posted by Trurl on Nov 30, 2011 - 10 comments

Jean-Jacques Beineix's "Diva"

The French romantic thriller “Diva” dashes along with a pellmell gracefulness, and it doesn’t take long to see that the images and visual gags and homages all fit together and reverberate back and forth. It’s a glittering toy of a movie... This one is by a new director, Jean-Jacques Beineix... who understands the pleasures to be had from a picture that doesn’t take itself very seriously. Every shot seems designed to delight the audience. - Pauline Kael, 1982 [more inside]
posted by Trurl on Sep 16, 2011 - 33 comments

Paul Cezanne: The Complete Works

Paul Cezanne: The Complete Works
posted by Trurl on Aug 16, 2011 - 13 comments

Pierre Bonnard: The Intimiste

Pierre Bonnard died in 1947, after a lifetime of producing a great many intense and beautiful paintings, in keeping with his philosophy of domestic bliss, idealised and frozen in time if not realised in real life. A calm and intelligent man, he pursued his purpose doggedly and left behind an enduring legacy of visual joy. Surely as great an achievement as any painter could wish for. [more inside]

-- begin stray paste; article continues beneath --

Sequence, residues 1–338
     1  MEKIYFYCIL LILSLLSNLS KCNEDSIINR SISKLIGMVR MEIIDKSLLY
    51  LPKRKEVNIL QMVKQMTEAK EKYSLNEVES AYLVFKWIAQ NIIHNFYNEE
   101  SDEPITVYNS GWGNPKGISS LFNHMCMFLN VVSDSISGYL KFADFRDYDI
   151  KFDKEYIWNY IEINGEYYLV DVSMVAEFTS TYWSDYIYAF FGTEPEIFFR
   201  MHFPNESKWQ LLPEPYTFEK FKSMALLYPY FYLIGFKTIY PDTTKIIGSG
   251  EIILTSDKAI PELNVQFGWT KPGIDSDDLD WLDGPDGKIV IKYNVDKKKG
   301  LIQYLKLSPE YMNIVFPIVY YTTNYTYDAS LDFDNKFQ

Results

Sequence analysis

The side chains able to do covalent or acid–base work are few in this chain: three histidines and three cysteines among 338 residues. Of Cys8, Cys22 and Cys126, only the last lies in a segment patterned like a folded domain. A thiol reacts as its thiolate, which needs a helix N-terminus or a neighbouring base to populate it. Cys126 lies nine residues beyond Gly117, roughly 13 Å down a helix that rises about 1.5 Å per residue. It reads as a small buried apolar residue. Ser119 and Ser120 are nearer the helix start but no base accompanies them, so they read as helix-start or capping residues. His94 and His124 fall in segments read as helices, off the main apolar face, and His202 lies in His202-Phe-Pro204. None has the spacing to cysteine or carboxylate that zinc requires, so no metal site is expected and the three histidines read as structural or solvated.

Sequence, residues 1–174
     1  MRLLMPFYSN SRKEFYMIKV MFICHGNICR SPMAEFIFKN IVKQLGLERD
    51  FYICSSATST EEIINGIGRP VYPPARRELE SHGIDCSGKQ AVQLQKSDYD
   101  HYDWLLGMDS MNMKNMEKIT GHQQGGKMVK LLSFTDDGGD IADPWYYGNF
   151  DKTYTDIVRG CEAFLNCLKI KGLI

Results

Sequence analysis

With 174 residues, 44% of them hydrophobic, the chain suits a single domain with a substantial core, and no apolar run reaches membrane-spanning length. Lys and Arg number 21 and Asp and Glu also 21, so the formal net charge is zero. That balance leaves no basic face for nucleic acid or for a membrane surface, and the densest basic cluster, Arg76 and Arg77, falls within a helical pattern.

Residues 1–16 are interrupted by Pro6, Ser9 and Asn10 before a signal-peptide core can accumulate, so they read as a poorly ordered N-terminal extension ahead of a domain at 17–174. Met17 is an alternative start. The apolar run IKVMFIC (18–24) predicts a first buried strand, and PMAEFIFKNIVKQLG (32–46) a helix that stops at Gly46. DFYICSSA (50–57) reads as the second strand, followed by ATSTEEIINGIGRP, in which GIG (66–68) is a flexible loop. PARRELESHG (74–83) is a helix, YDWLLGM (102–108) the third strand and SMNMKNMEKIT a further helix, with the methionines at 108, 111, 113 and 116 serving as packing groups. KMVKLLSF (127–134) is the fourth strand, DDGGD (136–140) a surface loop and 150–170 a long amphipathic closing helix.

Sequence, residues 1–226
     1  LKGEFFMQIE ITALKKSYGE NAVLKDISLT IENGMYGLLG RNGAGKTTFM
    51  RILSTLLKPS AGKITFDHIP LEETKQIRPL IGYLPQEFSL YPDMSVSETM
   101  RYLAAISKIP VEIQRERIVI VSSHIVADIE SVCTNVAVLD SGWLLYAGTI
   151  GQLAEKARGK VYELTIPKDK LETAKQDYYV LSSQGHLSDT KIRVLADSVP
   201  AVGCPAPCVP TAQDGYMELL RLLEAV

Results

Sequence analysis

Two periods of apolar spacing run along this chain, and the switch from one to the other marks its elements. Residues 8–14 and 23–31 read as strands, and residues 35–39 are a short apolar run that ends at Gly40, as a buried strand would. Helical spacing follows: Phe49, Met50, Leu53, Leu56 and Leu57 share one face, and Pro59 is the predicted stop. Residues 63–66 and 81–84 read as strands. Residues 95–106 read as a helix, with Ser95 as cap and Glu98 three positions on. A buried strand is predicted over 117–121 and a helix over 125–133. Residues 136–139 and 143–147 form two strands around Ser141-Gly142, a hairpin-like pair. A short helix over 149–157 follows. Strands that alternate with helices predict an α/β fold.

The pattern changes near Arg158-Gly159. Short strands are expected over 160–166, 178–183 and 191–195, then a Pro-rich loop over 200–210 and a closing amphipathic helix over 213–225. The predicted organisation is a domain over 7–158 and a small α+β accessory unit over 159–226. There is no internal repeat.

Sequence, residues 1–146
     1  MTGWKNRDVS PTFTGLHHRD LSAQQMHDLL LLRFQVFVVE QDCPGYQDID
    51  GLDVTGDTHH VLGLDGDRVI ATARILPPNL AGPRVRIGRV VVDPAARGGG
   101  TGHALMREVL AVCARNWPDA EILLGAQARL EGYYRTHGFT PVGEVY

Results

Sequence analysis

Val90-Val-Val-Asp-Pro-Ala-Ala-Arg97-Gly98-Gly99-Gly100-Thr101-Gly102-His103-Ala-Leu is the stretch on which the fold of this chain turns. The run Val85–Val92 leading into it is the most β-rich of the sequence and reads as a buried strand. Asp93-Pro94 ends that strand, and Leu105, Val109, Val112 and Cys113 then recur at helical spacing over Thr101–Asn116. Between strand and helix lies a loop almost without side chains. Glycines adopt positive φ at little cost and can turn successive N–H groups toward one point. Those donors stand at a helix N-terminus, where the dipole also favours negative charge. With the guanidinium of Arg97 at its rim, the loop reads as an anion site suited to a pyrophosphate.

posted by Trurl on Jul 27, 2011 - 17 comments

Because you're not going to watch Cats And Dogs 2: Revenge Of Kitty Galore

Why watch a movie when you can just watch the titles? Browse title sequences by designer and read interesting backstory and discussion on the art of making a title sequence.
posted by The Whelk on Feb 20, 2011 - 6 comments

Jacques Rivette

Jacques Rivette, who emerged in the 1950s... as one of the primary filmmakers of the French New Wave, is the most underappreciated (and under-screened) of this legendary group. Rivette’s deliberately challenging, super-size films defy easy assimilation, and demand a level of attention unusual even to his compatriots’ works. In addition to being considered difficult, however, Rivette’s body of work is also, arguably, the richest of the New Wave era, possessing an intellectual inquiry and humanity unmatched in the French cinema of his time. [more inside]
posted by Joe Beese on Jan 29, 2011 - 11 comments

Iconographie ouvrages anciens

Iconographie ouvrages anciens is a collection of historic animal illustrations that date as far back as the 16th Century, courtesy of the library at Ecole Nationale Vétérinaire de Lyon. [more inside]
posted by Ufez Jones on Jan 26, 2011 - 10 comments

Un Tour De Manege

A dreamy animation about life, love, and loss. Un Tour de Manege (A Turn of the Gear) shows the journey of a girl from youth through adulthood.
posted by Windigo on Jan 25, 2011 - 6 comments

Learn to draw Les Animaux!